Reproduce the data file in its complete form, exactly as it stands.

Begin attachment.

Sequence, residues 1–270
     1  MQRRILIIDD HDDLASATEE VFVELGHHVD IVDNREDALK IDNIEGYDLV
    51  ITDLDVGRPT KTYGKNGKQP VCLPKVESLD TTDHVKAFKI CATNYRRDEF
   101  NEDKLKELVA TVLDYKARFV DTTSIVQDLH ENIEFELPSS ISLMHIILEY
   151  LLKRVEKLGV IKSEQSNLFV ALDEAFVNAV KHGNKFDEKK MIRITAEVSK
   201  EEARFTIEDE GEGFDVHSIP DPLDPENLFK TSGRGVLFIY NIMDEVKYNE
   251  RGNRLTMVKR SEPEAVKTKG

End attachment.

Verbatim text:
Sequence, residues 1–270
     1  MQRRILIIDD HDDLASATEE VFVELGHHVD IVDNREDALK IDNIEGYDLV
    51  ITDLDVGRPT KTYGKNGKQP VCLPKVESLD TTDHVKAFKI CATNYRRDEF
   101  NEDKLKELVA TVLDYKARFV DTTSIVQDLH ENIEFELPSS ISLMHIILEY
   151  LLKRVEKLGV IKSEQSNLFV ALDEAFVNAV KHGNKFDEKK MIRITAEVSK
   201  EEARFTIEDE GEGFDVHSIP DPLDPENLFK TSGRGVLFIY NIMDEVKYNE
   251  RGNRLTMVKR SEPEAVKTKG